We had to chuckle when this story came out. If you’re in the market for a mega-dollar supercar or a high performance ride with some foreign cachet, consider an immediate trip to Italy and take your checkbook. An ever-increasing number of wealthy Italians are selling their look-at-me-bling at fire-sale prices just to be rid of them. Here’s why.
The economic catastrophe in Greece has been well documented in the news and has even affected the U.S. financial markets. But Italy is second on the list of shaky national economies; a default on their debt could affect the European alliance deeply. Italy has a new prime minister who is taking the challenge seriously and attempting to reduce the nation’s staggering debt through many means.
One method he’s using is a crackdown on Italy’s tax evaders, and there are heaps of them. Tax enforcement under the previous regime was lax at best and often non-existent, an attitude that encouraged many to be less than honest in their filings. That’s changing, and any outward symbol of wealth – including your car – may bring some scrutiny.
Recently, representatives of the Guardia di Finanza (the tax department) cruised through a posh ski resort area in the Italian mountains. They recorded the license plates on the assortment of Ferraris, Lamborghinis, Porsches, BMWs and similar luxury cars in the parking lots, traced the owner info and investigated whether the car was justified by the owner’s income as reported on tax forms.
Surprise, surprise! After surveying over 130 owners, the Guardia found that more than one-third of the group reported incomes of less than 22,000 Euro per year, yet many of the cars were valued at well above €100,000. A lot of folks now have “some ‘splainin’ to do.”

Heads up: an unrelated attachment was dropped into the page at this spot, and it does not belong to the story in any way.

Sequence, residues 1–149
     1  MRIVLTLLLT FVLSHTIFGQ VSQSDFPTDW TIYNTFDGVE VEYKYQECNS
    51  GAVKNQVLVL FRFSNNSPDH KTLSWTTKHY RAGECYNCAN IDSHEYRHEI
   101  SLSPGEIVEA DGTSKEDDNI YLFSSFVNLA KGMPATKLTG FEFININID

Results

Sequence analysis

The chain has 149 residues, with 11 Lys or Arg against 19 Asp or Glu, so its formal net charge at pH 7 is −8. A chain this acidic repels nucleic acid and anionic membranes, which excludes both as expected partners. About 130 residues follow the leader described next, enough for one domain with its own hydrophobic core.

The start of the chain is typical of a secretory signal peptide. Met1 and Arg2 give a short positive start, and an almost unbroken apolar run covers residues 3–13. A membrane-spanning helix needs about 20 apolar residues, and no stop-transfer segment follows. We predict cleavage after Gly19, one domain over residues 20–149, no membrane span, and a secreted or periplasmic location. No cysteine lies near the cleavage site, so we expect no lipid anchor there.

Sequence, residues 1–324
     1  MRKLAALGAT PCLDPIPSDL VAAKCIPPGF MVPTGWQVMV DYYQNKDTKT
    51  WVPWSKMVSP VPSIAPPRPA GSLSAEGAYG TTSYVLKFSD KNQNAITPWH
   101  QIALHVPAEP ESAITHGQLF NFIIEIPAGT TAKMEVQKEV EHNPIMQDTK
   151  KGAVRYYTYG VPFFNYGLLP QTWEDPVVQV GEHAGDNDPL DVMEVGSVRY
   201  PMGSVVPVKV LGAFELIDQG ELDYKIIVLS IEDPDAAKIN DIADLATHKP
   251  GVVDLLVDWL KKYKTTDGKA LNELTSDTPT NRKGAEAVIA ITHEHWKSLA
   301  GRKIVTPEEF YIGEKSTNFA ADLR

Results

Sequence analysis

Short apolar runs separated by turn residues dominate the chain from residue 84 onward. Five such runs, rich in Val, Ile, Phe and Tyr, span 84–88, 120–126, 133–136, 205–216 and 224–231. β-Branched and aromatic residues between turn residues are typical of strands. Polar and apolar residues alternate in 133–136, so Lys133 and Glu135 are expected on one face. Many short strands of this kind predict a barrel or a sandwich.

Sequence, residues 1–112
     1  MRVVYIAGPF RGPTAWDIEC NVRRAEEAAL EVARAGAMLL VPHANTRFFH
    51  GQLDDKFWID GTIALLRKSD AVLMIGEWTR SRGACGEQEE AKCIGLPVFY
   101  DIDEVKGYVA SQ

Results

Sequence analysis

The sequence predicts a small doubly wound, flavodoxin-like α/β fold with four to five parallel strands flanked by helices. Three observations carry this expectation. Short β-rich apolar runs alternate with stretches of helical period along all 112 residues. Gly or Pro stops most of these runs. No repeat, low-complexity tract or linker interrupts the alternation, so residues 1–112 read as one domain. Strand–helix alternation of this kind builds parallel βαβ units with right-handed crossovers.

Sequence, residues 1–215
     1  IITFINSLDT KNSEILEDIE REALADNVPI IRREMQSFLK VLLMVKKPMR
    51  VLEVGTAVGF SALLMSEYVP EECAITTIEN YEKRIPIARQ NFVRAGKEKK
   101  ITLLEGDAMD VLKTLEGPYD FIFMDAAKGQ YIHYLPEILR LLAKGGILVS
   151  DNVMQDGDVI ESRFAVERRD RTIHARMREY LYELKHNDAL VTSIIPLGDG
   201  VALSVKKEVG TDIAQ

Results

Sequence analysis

The idea immediately caught on elsewhere and police in various Italian cities began reporting the plates on high value cars to the Guardia. In one case, the driver of a weeks-old Mercedes was found to have filed no taxes at all.
So the very wealthy are now being scared carless, and many are selling off the hot stuff to avoid being stopped at a checkpoint or traced to their unpaid taxes. Some owners will accept any reasonable price and are selling their cars at a loss to dealers or buyers in neighboring countries.
One exporter reported that the number of Porsches leaving the country has more than tripled against the previous year, and the president of a dealers’ association noted that “owning a luxury car had become almost a crime in Italy these days.”
The most recent numbers we could find say that underpaid taxes in the U.S. are estimated to exceed $380 billion per year. Watch where you park that Ferrari.